Listening for eight-armed alien broadcasts in Puget Sound | Kitsap Naturally

The tide is out … far out. I’m sitting on a rocky finger beside a narrow surge channel, watching tiny hermit crabs lurch through the seaweed wearing abandoned snail shells for protection. Suddenly there’s movement down inside the channel. A dark-red, fluid form rises slowly to the surface, extends tapered tentacles into the exposed yellow rockweed and probes for a meal. Unmindful of me, an octopus casually penetrates a forbidden world.

Exotic creatures like the octopus always make me ponder our energetic search for extraterrestrial life. A microscopic bit of bacterium look-alike, found embedded in a rock that came from Mars, makes us delirious with anticipation. We tune into the cosmos, listening for alien broadcasts. We’ve created science fields like “exobiology.” And all the while, we’ve yet to identify about a million species of life right here on Earth. We fail to appreciate how downright bizarre some of our home-grown life forms are. The octopus is a case in point. Surely, Nature was in a frivolous mood when she created this elegant creature.

Did you know that our own waters are home to the world’s largest species? The giant Pacific octopus (Octopus dofleini) roams the nooks and crannies of Puget Sound and beyond; males have been known to reach a width, arm tip to arm tip, of over 30 feet. Members of this group, including the squid, chambered nautilus and cuttlefish, bear little resemblance to any other life form on earth. Oddly, the octopus and the oyster are relatives. It’s Nature’s little joke that this biological group (the mollusks) includes clams, mussels and limpets. The shell that protects the small mollusks has been reduced to an internal sliver in the octopus, allowing these eight-armed, fluid, jet-propelled creatures to live in the fast lane.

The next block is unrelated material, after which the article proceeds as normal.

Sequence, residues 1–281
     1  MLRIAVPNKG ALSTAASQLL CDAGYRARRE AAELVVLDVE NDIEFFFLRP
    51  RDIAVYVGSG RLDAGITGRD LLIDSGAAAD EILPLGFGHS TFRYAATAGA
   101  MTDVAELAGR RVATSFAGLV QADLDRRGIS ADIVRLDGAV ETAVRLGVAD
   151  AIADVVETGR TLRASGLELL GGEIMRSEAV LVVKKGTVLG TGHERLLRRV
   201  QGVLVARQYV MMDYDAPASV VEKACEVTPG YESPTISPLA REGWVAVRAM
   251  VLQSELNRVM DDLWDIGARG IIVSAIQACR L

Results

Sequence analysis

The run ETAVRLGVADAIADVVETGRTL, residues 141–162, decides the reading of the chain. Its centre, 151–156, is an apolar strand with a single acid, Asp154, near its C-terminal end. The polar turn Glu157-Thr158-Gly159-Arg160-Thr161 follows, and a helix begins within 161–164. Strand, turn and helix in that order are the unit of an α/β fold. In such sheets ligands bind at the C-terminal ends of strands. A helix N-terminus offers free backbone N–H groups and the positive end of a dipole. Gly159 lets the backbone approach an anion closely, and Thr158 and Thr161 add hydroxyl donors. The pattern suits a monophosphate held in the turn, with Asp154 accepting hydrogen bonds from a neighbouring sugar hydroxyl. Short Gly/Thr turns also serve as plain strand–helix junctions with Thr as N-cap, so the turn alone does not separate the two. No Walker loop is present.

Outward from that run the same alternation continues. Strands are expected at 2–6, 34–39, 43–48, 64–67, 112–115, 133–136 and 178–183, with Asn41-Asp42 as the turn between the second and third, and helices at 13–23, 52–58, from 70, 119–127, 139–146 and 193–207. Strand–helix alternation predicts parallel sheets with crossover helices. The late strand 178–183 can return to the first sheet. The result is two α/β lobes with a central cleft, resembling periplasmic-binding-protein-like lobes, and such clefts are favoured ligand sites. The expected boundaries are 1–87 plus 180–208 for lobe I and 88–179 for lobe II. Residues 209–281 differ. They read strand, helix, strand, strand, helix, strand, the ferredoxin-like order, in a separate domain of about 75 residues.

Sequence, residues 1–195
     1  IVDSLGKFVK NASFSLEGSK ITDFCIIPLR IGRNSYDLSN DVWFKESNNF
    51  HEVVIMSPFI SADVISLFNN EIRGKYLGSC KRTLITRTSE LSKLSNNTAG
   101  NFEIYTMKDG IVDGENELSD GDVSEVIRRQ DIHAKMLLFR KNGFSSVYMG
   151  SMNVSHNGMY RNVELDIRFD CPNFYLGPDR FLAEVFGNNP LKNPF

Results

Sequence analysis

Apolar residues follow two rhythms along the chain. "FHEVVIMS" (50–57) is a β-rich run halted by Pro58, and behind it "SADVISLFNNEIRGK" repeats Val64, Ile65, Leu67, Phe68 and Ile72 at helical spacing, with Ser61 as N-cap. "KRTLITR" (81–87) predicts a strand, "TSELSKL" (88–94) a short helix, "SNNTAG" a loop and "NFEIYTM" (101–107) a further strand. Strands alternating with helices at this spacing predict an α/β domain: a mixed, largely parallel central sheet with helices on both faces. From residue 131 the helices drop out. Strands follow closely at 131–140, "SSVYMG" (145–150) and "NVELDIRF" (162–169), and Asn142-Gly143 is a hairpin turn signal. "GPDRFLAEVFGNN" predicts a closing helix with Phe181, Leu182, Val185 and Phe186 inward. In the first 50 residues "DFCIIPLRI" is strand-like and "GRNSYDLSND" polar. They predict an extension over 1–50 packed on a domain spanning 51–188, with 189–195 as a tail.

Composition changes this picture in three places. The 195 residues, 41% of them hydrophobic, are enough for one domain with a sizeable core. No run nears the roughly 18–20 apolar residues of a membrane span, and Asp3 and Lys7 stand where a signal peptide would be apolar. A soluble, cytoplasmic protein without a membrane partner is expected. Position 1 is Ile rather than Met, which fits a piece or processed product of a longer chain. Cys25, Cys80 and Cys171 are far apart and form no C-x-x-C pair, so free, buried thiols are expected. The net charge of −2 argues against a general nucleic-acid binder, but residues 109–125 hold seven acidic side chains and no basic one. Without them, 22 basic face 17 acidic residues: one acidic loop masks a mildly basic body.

Moreover, the octopus has an exceptional eye; called a “camera eye,” it’s similar to ours, and thus the animal views the world a lot like we do. It’s also a master of camouflage; even its emotions come in colors. By manipulating pigment cells on its skin, it can change its wardrobe quickly, from brick red (anger), to white (fear), to a lumpy mottled beige (contentment). And oops! Is that plaid? The large brain makes this creature somewhat of an invertebrate prodigy. It can learn to unscrew a jar lid to get at tasty shrimp inside. But beyond some human-like skills, the creature tastes with its “hands,” has three hearts and never knows its parents or its children.

Our local species feeds on a saltwater smorgasbord of fish, crabs, clams, cockles, fish eggs, abalone, scallops, other octopuses … even small sharks and seagulls (not us humans though … local scuba divers often play with them, engaged in a surreal undersea ballet). While Mother Nature gave the octopus’ amazing attributes, some almost human, she nevertheless played a dirty trick by limiting the creature’s life span to a mere 4 or 5 years.

A mated pair swims into deep water to find a secluded den. The female soon lays her eggs, an average of 50,000, each the size of a rice grain. While fanning the eggs for about 7 months, she goes without food, an extreme example of parental sacrifice. Once the eggs hatch, her work is done and she dies.

So here’s to the octopus and all those other oddball inhabitants of our “miracle” planet, like the leafy sea dragon, the Venus fly trap and the platypus. Is it asking too much that we take better care of the non-human life forms endemic to Earth, granting them the same attention lavished upon that misidentified bit of “bacterium” from faraway Mars?

Nancy Sefton can be reached at

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